Back in 2012 Google decided to start a partnership with Wildfire, a social software platform that was aimed to help businesses improve their social media marketing efforts. Of course this was big news because Google was getting involved in something connected with social marketing, even outside of Google+, but the partnership ended in March of this year. This led many to wonder whether or not Google was killing social media marketing or trying to send a message, so two months later we can finally ask ourselves: What’s the future of social media marketing without Wildfire?
The Details of the Wildfire, Google Partnership Rise and Fall
As discussed above, Google started a partnership with Wildfire in 2012 for $350 million, so you can imagine the surprise when they decided to end this partnership just 20 weeks later. Originally, the idea here was for Google to help marketers bring together insights from their social campaigns. After all, any insights a marketer can gain to help improve their content and strategy with Google is a win all around. By June, Google had built Wildfire technology into their ad technology platforms.
In Google’s announcement, however, they mentioned that the Wildfire partnership wouldn’t be over completely, their work together will just be limited. Google said:
“The Wildfire Social Marketing Suite […] will continue to be supported, but further investments will be limited: we won’t be building new features or signup up new customers. Our focus will on integrating Wildfire’s technology with our ad technology platform and building new features that enable marketers to use social insights to improve their marketing campaigns.”
Another cool thing for Google was that it gave them some insight into how Facebook works and what kind of data the network could offer to marketers. Nonetheless, as surprised or unsurprised as you may have been by Google’s decision, Google isn’t killing social media marketing. All social analytics are being integrated into DoubleClick, Google’s ad buying platform, so marketers can still use social data.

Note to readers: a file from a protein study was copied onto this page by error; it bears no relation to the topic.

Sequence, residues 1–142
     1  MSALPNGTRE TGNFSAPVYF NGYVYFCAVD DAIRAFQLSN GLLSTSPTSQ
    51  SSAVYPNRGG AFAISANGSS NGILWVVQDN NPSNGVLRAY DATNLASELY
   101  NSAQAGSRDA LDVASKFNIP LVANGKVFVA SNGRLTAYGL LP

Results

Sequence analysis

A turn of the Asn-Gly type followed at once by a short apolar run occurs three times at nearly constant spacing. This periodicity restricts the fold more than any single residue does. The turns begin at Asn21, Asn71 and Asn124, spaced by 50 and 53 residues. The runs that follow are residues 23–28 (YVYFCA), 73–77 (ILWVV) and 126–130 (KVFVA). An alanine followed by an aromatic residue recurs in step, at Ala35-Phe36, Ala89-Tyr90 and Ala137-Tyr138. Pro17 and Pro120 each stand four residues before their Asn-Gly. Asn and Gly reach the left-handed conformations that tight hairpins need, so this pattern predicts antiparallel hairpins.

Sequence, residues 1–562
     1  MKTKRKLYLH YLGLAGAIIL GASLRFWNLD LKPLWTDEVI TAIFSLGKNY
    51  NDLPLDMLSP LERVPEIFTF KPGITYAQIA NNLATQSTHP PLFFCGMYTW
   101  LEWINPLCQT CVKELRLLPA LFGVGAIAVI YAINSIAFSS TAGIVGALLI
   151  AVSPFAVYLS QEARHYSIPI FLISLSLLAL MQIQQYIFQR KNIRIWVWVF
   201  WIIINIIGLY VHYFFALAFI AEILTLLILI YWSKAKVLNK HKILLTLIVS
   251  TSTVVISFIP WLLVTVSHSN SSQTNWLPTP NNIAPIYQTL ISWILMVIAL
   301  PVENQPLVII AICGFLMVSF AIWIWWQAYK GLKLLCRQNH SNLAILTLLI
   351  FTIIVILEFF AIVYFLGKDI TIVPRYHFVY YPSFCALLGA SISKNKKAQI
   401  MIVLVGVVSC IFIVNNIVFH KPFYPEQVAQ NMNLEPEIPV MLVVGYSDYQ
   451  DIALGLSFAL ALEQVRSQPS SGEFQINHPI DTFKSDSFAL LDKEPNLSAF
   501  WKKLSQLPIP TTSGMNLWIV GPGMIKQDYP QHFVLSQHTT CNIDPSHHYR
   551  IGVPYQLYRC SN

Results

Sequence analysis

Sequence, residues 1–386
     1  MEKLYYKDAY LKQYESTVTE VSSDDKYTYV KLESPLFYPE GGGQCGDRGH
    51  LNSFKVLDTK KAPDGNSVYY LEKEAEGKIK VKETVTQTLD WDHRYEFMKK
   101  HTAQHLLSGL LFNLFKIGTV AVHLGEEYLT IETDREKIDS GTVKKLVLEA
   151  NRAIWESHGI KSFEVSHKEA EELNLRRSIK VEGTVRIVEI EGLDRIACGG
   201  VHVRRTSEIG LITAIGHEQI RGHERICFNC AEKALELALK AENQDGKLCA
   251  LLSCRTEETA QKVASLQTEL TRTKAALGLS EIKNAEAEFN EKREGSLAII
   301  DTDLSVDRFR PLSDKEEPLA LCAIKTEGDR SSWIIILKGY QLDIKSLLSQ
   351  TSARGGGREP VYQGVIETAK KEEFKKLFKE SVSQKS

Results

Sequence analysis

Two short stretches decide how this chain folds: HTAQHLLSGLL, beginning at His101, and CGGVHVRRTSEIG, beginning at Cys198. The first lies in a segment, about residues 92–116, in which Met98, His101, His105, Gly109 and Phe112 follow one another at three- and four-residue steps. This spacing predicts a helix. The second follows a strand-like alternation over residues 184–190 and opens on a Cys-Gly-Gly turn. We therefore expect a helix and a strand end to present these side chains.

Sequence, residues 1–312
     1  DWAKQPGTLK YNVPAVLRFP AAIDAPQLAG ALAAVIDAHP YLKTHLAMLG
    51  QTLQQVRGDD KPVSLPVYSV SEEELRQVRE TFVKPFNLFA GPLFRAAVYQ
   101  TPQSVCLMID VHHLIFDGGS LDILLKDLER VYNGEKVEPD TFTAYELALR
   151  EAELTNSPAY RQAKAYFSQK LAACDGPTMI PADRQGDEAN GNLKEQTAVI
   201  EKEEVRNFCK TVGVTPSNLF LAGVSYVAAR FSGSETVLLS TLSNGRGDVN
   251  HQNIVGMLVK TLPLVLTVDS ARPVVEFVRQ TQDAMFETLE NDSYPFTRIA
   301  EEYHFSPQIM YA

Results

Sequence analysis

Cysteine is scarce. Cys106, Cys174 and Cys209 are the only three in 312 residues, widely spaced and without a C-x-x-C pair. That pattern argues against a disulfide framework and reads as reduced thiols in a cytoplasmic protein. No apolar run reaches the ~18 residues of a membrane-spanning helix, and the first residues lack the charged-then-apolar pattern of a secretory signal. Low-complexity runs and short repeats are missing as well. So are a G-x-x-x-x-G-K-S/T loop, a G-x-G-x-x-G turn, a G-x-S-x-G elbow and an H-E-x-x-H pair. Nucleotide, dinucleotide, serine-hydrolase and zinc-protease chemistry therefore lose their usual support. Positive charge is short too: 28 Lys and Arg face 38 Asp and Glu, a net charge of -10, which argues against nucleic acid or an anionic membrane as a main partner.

Other Tools to Help Marketers Build Integrated Campaigns with Social
Entrepreneur published an article back in March that discussed whether or not Google was killing social media marketing. According to the article, Google’s interest and investment in Wildfire legitimized social media marketing in the eyes of many observers. So another question that comes to light: Has social media marketing just devolved into simply throwing money at social networks for ads?
As discussed above, the news of the Wildfire drop shouldn’t speak for social media marketing completely. In order to have good social ads you need to have a good strategy in place to create campaigns that will really drive consumers to social channels. A few options you still have that will help you be successful include:
- Use other apps and platforms that are not Wildfire. If you really liked this way of creating and managing social campaigns, find another app to help. A few good apps that are similar to Wildfire include ShortStack, and PageModo.
- Use data to power campaigns. This refers to the data that you gather from your site through Google Analytics as well as any social data you have. Learn about the people who interact with your brand online and see what they have in common—demographics, sharing habits, etc. I recommend using the free analytics that Facebook offers, but you can move to more advanced tools for this data including Sprout Social and Socialbreakers.
- Incorporate social campaigns into your email marketing and offline campaigns. You always want to make sure that things are working the other way around as well—your other campaigns can help your social media marketing campaigns. Whenever you send out a newsletter, mention a hashtag campaign contest you have going. If there is a promotion going on in your store, encourage customers to upload photos to Instagram for a contest. Get creative and you’re campaigns should slowly start to grow.
We talked with Adam Heitzman, managing partner of SEO Company HigherVisibility, who explained that in the end, it’s pretty clear that social media is only becoming more popular. He reminded us that, “the amount of information and opportunities hasn’t disappeared despite Google’s pulling away from Wildfire. Besides, Wildfire is still up and running without Google, so it’s not a complete loss for marketers. We’ve continued on with social media marketing for our company as well as our clients using several different tools and have had great results.”
What do you think about Google’s decision to end its partnership with Wildfire? What are you going to do to keep your social media marketing efforts alive? Let us know your story and your thoughts in the comment section below.